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New Scientist

Aug 27 2022
Magazine

New Scientist covers the latest developments in science and technology that will impact your world. New Scientist employs and commissions the best writers in their fields from all over the world. Our editorial team provide cutting-edge news, award-winning features and reports, written in concise and clear language that puts discoveries and advances in the context of everyday life today and in the future.

Elsewhere on New Scientist

Going wild • Plant consciousness might be an uncomfortable concept, but it is worth exploring

New Scientist

China’s worst heatwave • A long spell of extreme hot and dry weather is affecting energy, water supplies and food production, reports Michael Le Page

A way to predict earthquakes before they happen

First demonstration of tricky final Rubik’s cube sequence

Peering into a strange galaxy • The Great Barred Spiral Galaxy has spectacular regions of star formation

Distinct brain areas light up for close friends

Shine comes off the promise of quantum chemistry

It may snow upwards in the oceans of icy moons

Covid-19 linked to brain conditions • The risk of being diagnosed with some neurological conditions after having covid-19 may be higher than for other respiratory infections, reports Jason Arunn Murugesu

Most people with covid-19 are still infectious after five days…

… while many with omicron don’t know they are infected

Abortion fight flares up in the UK • Doctors in the UK say that attempts to restrict access to abortion services are an unacceptable barrier to healthcare, reports Jason Arunn Murugesu

Mars rover to get speed boost from software update

Genetic tinkering increases soy yield by upgrading photosynthesis

The star Betelgeuse just keeps on acting weird

Creature with mouth but no anus isn’t human ancestor

Your phone could tell it’s you just by the way you hold it

Proton’s charming nature revealed • Despite it being found in every atom, we are still learning more about the proton

Living robots may be able to help repair neurons

Tiny DNA-testing chip could combine many medical tests

A second asteroid may have struck at end of dinosaur era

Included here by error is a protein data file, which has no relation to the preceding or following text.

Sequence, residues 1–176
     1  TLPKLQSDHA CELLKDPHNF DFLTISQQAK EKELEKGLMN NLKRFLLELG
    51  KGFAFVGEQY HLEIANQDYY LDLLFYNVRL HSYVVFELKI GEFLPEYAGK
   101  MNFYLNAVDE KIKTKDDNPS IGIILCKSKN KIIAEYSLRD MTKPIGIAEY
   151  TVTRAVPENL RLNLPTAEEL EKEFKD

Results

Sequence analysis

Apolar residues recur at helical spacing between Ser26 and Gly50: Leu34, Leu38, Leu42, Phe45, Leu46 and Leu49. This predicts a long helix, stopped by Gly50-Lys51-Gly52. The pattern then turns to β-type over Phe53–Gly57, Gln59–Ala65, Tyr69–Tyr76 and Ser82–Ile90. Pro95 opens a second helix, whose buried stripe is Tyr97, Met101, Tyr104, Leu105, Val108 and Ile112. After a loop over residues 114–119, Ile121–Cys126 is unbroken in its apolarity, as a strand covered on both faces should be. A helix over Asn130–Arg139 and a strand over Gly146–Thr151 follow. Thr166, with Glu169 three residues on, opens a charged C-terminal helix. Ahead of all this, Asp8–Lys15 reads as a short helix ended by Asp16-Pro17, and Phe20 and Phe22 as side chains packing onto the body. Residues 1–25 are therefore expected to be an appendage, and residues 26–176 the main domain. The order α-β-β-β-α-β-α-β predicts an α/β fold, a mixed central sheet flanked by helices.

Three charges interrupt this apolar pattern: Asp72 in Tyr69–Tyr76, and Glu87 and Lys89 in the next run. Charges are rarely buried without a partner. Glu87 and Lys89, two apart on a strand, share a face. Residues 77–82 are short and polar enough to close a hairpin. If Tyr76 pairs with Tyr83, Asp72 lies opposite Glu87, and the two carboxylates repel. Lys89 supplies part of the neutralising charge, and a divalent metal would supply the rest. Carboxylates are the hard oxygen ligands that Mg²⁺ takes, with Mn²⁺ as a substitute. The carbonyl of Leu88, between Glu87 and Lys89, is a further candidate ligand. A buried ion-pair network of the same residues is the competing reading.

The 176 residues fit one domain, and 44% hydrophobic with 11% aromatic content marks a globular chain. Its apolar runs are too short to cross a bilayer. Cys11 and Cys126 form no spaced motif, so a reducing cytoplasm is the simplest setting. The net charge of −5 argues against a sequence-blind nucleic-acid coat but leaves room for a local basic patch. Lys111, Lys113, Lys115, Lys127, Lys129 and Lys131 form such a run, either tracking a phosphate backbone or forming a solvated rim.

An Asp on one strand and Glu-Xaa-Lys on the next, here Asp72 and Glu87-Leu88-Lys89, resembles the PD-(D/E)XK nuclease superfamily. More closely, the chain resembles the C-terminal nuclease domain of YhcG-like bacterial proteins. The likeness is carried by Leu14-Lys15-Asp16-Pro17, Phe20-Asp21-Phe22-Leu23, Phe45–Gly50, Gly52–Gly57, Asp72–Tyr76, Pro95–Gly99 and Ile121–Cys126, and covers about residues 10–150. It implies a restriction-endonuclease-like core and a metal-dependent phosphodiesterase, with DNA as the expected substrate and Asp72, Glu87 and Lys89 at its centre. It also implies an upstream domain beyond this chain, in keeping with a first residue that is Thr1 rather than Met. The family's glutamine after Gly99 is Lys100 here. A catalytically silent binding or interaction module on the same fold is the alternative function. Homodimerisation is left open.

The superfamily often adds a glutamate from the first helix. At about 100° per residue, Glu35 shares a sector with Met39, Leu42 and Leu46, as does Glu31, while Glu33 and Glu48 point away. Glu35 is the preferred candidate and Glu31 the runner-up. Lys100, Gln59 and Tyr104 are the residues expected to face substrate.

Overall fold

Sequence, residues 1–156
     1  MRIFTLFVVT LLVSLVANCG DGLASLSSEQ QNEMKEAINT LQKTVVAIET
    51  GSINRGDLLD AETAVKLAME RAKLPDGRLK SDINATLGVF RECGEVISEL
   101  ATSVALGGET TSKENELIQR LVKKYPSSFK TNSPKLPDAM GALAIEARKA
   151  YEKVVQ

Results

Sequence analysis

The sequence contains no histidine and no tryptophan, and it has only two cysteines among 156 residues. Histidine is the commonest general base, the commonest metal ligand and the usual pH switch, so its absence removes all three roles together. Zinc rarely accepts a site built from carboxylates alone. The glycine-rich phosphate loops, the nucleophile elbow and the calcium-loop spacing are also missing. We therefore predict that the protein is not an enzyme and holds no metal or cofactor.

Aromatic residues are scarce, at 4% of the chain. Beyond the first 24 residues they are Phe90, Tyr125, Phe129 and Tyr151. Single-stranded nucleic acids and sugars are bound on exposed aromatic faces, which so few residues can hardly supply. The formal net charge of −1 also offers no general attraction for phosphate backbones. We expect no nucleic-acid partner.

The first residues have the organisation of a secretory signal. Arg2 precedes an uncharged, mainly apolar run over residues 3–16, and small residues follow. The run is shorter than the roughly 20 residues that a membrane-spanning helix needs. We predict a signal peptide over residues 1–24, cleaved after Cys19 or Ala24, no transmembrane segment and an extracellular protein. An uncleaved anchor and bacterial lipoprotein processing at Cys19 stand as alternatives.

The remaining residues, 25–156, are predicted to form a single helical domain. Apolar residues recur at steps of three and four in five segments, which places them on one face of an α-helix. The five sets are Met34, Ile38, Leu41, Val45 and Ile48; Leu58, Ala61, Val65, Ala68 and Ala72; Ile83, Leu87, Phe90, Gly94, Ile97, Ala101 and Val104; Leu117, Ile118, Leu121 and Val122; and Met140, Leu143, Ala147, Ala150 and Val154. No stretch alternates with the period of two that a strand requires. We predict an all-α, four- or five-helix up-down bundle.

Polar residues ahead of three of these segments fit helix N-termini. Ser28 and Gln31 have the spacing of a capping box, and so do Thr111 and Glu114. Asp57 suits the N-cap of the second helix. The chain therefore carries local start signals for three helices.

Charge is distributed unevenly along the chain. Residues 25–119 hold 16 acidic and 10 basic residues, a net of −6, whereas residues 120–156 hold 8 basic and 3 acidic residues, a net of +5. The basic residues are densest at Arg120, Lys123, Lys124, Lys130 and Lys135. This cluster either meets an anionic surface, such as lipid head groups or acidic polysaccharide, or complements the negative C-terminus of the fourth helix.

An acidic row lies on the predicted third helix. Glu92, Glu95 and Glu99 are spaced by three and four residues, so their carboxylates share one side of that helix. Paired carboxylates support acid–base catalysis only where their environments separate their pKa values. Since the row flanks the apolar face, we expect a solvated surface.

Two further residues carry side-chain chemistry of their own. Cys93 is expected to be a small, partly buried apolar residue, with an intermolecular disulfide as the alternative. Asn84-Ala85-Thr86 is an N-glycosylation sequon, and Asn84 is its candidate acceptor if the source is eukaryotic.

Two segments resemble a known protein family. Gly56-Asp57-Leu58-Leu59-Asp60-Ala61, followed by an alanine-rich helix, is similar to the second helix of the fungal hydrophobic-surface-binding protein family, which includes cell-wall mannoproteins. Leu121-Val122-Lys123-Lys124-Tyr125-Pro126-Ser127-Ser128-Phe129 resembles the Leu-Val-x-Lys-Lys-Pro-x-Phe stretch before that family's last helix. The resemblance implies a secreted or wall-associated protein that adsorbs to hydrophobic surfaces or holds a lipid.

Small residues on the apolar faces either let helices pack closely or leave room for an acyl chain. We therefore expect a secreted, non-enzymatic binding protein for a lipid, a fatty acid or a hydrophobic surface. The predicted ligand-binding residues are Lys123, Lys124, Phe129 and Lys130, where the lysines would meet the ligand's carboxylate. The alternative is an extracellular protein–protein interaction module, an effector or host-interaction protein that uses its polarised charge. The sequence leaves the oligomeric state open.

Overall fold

Megalodon could easily eat a whale

Plastic upcycled into more valuable items

Chewing uses a surprising amount of energy

Really brief

Space for everyone • Some scientists are unhappy about the James Webb Space Telescope’s data being made public immediately, but these images should be for all, says Jacob Aron

My botanical life • Walls of life Green roofs have existed for more than 2000 years, but, along with living walls, they are becoming more popular – and provide major eco-benefits, writes Beronda L. Montgomery

Picture this

Editor’s pick

The making of Gaia • Letters between the two scientists who co-developed the paradigm-changing Gaia hypothesis make for fascinating reading, says Adam Vaughan

UFO sci-fi horror is a must-see

Genetics, for good or bad • This thought-provoking new history asks whether genetic engineering is worth the effort, finds Michael Marshall

Don’t miss

The sci-fi column • Outsider insights Can crushing despair make great reading? Face and The Sleepless are two noir-inflected novels that compel with their bleak visions and great writing, both coming from distinct perspectives, says Sally Adee

The inner mind of plants • Are plants conscious? It is a controversial idea, but a small team of researchers are determined to find out, says Natalie Lawrence

Shrinking violets

Growbots

Want a glimpse of baby’s future? • If you were offered the chance to unravel your child’s whole genome just after birth to see what may...


Expand title description text
Frequency: Weekly Pages: 60 Publisher: New Scientist Ltd Edition: Aug 27 2022